Johns Hopkins Personalized Pain Program, a response to the Opioid Crisis

From the 2022 HVPA National Conference

Olivia Sutton MD (Johns Hopkins), Ronen Shechter MD, Traci Speed MD/PhD, Ariana Prinzbach MD, Marie Hanna MD, MEHP


The use of prescription opioids for pain management has created a nationwide public health crisis, and many of the prescriptions leading to opioid use disorder and death were initiated in the perioperative period.


The authors hypothesized that a multidisciplinary approach to perioperative pain management would lead to a decrease in postoperative opioid consumption while reducing postoperative pain scores and improving functional outcomes.


A Personalized Pain Program (PPP) was implemented at Johns Hopkins, aiming to care for surgical patients across the perioperative period. Patients on chronic opioids were invited to participate in the program starting 4 weeks prior to surgery or immediately after surgery, and were seen both inpatient postoperatively as well was outpatient in the ensuing months. Patients were educated on multimodal therapy for pain and the risks of escalating opioid consumption post-operatively. Providers involved in the multidisciplinary pain management team included acute and chronic pain specialists, psychiatry, addiction medicine, physical medicine and rehabilitation, and integrative medicine. Baseline measures were collected at the first pre-surgical or post-surgical PPP clinic visit, as well as at subsequent postoperative follow-up visits. Data collected included opioid consumption (via milligram morphine equivalents (MMEs)), pain scores (via Brief Pain Inventory (BPI)), and functioning scores (via Short Form-12 (SF-12)).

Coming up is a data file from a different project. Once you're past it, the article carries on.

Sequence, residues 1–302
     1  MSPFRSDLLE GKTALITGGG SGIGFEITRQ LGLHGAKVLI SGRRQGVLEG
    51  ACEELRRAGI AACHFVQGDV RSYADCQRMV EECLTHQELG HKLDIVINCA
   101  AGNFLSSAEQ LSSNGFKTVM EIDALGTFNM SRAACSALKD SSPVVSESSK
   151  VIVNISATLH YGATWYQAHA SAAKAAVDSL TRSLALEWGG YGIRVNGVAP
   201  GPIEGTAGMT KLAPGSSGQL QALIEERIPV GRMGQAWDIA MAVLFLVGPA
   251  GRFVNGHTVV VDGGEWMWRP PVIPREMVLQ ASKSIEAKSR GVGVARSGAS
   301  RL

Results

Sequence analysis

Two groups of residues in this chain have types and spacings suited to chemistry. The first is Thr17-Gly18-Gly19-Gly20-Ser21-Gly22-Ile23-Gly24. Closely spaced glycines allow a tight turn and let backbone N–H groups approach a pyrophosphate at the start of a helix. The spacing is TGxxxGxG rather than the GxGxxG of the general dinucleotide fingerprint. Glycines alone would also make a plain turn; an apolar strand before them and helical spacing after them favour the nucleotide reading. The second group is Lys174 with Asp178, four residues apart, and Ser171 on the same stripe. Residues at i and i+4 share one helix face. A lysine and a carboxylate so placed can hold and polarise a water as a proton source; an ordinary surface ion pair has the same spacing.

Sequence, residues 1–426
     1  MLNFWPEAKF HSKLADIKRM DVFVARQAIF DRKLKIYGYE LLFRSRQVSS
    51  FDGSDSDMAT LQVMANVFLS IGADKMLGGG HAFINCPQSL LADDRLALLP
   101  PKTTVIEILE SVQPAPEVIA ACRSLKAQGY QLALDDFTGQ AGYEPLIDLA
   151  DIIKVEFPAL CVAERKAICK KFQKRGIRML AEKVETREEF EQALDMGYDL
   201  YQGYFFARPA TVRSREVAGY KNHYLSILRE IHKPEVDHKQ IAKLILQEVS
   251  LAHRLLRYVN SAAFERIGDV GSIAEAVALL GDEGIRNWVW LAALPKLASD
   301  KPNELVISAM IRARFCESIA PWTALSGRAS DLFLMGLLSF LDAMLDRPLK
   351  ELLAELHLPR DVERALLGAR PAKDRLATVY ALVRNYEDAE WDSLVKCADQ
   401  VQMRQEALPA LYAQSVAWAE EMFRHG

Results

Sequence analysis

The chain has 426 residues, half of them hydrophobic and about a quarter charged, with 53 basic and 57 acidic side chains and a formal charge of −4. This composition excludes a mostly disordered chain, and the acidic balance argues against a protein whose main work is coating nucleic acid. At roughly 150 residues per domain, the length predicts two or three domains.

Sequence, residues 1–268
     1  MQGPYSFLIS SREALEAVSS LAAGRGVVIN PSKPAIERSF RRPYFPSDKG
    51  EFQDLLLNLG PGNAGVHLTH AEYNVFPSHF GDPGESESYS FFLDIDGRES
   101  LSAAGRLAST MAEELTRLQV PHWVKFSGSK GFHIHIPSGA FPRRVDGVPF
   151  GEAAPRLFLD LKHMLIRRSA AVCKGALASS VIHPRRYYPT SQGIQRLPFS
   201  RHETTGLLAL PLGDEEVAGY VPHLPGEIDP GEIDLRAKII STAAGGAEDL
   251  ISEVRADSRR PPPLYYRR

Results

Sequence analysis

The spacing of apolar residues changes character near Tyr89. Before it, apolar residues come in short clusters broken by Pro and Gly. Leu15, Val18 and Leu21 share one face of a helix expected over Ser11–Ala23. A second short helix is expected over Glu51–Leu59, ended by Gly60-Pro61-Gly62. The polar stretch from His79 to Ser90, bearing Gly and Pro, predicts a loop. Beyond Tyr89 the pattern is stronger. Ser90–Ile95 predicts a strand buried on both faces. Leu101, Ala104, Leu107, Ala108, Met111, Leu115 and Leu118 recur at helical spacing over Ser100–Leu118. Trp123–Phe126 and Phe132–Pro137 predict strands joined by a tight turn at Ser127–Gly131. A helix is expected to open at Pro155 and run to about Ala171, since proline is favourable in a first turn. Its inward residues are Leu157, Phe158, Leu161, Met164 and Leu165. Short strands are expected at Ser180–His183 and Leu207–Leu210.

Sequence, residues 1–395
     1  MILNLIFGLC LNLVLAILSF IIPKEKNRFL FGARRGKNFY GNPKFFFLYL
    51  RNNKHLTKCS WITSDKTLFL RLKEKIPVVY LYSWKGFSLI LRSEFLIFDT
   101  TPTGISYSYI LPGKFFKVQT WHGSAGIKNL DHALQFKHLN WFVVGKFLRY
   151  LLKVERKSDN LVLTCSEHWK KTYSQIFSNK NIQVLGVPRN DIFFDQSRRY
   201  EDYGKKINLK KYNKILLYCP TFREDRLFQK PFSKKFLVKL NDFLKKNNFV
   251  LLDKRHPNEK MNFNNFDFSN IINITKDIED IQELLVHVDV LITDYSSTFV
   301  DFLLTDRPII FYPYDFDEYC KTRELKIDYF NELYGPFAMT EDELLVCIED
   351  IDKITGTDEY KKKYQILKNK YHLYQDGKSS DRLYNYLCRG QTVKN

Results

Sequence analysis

Over the first 9 months since the inception of the PPP, 145 patients had an initial visit. Of those, 61 were seen peri-operatively for more than 1 clinic visit. Relative to the first postoperative visit, linear mixed model analysis adjusted for age, sex, surgery severity, drug intake before surgery, and chronic pain, showed a significant reduction (-4.98 MME per week) in opioid use over time relative to each PPP visit (P < 0.001) without increase in pain scores on BPI pain severity score. Physical and mental functioning improved (P = 0.005 and P = 0.02, respectively) as measured by the SF-12. Hospital length of stay was decreased from 6.5 days to 5.8 days for all surgeries, and from 7.6 days to 5.2 days for spine surgery.

Conclusions and Clinical Implications

A multidisciplinary, comprehensive, and coordinated approach to perioperative pain management in chronic opioid users can decrease opioid requirements, decrease pain scores, improve functional scores, and decrease hospital length of stay. The PPP, designed to address perioperative pain in an unprecedented manner, adds value for patients, the hospital, and the health system at large. Additional research is needed to compare MME usage with current standards of care, establish best timing of first consult in relation to surgery, and define factors that lead to improved pain outcomes.

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